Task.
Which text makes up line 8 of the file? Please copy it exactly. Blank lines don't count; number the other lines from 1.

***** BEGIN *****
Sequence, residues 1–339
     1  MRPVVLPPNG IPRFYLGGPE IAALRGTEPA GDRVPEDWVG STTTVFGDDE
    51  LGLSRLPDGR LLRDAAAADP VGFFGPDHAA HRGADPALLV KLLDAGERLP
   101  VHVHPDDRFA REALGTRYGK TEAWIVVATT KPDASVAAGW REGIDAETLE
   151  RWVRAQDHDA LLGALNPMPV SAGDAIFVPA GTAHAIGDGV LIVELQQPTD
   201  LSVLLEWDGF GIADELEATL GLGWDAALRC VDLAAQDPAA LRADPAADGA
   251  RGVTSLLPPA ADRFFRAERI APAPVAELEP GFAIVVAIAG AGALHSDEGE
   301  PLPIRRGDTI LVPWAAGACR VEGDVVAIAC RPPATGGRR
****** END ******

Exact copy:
   301  PLPIRRGDTI LVPWAAGACR VEGDVVAIAC RPPATGGRR